i) Any fire
ii) Engine failure (two parameters, one on the panel)
iii) Configuration warning
iv) Blocked runway *
v) Control difficulties *
vi) "Monitor Radar Display" auto-callout **
vii) "Windshear Ahead" auto-callout **

* If handling
** Where fitted
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Old 7th Feb 2007, 01:11
  #27 (permalink)  
 
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Also, on a CAT3 No DH approach there will be no "50 above" call/autocall (or 100 above for that matter). So by the time the F/O notices the Capt is incapacitated the aircraft has landed itself! Just select reverse, disconnect the A/P, override autobrake as appropriate and ask ATC for assistance and medical as required. A G/A would really screw up the Captains chance of survival and increase the F/Os workload tenfold.
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Old 7th Feb 2007, 07:58
  #28 (permalink)  
 
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All these are indeed quite correct, but to answer the initial question: Why 80 KTS, as it might have been chosen 70, or 90, 100, 85....
If I remember well my early aviation days, on a 707, there was no link between the rudder pedals and the nosewheel, as on later aircraft, and no tiller on the right side; during initial take off roll, and especially with cross wind, the captain had to keep his right hand on the thrust levers and his left hand on the tiller to keep the plane on the centerline using the tiller, while the FO would hold a forward pressure on the column, and this until the rudder became aerodynamically effective to be used for directioanal control on the runway. That speed was 80 Kts, which the FO would call so the captain could move his left hand from the tiller to the column. From there on "80Kts" became a "traditional" speed to call and to use for all the other purposes you all guys have mentioned.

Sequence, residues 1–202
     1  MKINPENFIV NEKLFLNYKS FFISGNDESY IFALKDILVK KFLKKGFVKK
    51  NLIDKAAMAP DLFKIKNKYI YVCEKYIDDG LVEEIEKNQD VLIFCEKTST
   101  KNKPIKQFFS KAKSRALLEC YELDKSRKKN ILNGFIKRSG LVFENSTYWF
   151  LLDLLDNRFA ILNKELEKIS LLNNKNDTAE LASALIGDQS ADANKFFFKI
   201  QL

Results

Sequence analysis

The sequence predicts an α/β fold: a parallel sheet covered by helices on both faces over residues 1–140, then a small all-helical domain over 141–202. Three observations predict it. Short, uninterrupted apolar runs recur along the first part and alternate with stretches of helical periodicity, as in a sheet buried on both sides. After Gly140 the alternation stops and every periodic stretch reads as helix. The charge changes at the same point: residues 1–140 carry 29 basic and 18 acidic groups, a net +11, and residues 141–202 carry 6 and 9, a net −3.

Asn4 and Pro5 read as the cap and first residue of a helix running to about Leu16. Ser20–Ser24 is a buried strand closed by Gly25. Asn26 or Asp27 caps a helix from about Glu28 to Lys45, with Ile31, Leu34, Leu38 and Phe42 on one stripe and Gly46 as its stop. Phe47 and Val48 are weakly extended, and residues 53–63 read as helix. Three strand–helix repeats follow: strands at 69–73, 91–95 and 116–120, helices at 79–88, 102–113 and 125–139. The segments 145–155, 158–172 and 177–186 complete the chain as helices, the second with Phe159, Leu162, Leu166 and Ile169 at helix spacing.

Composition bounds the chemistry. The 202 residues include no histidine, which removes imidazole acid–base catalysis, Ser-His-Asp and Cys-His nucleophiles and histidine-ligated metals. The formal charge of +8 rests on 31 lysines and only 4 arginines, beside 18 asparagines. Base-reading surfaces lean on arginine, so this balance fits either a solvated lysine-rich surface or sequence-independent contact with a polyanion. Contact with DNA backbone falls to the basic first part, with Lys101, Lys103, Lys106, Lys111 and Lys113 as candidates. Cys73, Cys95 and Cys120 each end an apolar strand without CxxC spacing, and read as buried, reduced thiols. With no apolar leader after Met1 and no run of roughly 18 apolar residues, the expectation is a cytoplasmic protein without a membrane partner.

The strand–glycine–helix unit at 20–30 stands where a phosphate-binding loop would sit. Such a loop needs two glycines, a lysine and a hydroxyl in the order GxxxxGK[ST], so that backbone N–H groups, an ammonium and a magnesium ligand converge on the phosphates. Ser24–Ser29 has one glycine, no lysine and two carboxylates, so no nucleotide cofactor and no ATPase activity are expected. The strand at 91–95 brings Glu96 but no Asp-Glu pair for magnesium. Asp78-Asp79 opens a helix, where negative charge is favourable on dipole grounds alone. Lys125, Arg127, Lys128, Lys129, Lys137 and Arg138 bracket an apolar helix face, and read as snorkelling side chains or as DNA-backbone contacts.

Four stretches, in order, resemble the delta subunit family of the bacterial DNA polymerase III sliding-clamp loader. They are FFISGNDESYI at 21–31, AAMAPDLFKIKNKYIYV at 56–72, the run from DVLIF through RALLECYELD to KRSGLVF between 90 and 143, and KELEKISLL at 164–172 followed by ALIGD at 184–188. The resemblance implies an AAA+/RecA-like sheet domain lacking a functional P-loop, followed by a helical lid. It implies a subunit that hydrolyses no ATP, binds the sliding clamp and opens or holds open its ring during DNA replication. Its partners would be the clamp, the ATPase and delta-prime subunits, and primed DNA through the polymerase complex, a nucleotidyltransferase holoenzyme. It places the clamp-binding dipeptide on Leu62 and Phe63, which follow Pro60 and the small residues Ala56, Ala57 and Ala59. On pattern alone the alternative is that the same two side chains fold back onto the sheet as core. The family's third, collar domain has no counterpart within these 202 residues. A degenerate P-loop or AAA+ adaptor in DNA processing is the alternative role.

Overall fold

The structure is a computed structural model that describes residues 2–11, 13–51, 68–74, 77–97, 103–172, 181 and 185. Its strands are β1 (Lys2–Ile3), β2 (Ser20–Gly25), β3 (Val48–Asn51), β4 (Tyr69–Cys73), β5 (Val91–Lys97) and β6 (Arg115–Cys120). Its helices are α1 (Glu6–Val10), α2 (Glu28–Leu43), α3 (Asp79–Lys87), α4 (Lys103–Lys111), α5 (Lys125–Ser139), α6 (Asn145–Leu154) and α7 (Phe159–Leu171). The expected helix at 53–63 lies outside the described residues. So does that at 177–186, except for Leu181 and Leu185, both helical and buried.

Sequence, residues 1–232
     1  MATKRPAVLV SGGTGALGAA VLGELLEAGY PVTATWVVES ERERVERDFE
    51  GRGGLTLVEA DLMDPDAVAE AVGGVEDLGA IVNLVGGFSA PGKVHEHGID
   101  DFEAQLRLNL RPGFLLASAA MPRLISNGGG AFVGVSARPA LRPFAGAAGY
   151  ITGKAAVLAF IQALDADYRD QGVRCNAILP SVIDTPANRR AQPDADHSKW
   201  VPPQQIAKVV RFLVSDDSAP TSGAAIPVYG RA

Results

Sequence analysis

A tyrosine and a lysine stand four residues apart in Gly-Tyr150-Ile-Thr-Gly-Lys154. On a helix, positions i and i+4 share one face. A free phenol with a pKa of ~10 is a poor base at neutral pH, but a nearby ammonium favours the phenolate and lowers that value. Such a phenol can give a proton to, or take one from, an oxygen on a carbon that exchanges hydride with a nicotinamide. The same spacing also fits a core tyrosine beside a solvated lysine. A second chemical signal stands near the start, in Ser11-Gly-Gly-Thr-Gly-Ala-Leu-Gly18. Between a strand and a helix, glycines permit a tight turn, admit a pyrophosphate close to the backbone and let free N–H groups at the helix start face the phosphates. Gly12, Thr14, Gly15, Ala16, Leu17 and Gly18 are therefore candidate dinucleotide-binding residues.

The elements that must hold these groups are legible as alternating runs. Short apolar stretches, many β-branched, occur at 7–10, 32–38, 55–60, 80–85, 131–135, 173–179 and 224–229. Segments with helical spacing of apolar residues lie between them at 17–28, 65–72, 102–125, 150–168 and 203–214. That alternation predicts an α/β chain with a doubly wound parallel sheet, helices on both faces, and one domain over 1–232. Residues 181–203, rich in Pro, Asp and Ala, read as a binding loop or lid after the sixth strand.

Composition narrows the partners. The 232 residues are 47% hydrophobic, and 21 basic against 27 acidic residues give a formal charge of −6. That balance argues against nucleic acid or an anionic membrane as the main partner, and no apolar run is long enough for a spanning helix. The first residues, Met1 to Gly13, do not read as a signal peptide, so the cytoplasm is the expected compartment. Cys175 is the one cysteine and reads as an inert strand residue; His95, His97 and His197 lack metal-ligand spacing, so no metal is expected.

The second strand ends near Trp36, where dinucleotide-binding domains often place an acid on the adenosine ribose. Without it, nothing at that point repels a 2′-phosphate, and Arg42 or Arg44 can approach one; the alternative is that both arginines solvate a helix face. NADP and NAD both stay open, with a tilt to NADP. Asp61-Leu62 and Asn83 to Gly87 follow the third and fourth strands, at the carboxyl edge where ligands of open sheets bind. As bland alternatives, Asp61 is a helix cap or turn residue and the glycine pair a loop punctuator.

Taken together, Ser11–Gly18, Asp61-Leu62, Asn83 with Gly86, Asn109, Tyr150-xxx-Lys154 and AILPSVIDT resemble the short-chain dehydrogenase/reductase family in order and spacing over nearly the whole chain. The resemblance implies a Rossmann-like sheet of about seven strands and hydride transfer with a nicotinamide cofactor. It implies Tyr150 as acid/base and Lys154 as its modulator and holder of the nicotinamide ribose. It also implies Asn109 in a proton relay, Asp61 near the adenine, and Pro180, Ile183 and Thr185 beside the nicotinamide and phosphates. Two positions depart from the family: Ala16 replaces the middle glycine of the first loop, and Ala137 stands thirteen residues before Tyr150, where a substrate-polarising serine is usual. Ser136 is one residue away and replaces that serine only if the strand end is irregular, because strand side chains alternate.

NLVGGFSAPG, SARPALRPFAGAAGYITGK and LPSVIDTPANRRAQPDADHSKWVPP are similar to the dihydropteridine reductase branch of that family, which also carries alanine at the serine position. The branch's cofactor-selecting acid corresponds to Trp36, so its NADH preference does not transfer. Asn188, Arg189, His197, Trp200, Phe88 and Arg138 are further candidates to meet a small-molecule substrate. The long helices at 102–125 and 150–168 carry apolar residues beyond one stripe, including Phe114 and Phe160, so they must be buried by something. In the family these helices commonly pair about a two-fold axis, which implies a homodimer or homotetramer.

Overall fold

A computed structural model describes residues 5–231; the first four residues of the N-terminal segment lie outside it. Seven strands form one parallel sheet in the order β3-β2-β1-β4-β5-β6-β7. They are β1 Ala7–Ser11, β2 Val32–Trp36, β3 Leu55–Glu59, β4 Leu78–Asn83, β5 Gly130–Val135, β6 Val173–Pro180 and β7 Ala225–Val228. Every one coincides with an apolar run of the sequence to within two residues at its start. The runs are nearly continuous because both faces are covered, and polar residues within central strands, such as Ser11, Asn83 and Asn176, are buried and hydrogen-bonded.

Et voila, madame, pourquoi votre fille est muette.
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Old 7th Feb 2007, 09:04
  #29 (permalink)  
 
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refer to my post above
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Old 7th Feb 2007, 10:42
  #30 (permalink)  
 
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Also for most types RTO or autobrakes max is armed prior to this speed, also for certification, takeoff power must be set by that speed.

Also in low vis, takeoff should be continued after this speed if vis reduces below takeoff minima, because it is safer than the RTO in this case.
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Old 7th Feb 2007, 13:12
  #31 (permalink)  
 
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) Any fire
ii) Engine failure (two parameters, one on the panel)
iii) Configuration warning
iv) Blocked runway *
v) Control difficulties *
vi) "Monitor Radar Display" auto-callout **
vii) "Windshear Ahead" auto-callout **
I would have thought the captain, under the conditions above, would make his own decision to reject the take off without having a startled squawk of "Stop" from the copilot to tell him what to do - or should not do - as may be the case at the time..
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Old 7th Feb 2007, 13:15
  #32 (permalink)  
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Rather depends who notices first.

Also, if the captain isn't handling and is looking in at the engine instruments I would have thought the FO calling stop for a blocked runway or control difficulties makes a lot of sense.
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Old 7th Feb 2007, 18:19
  #33 (permalink)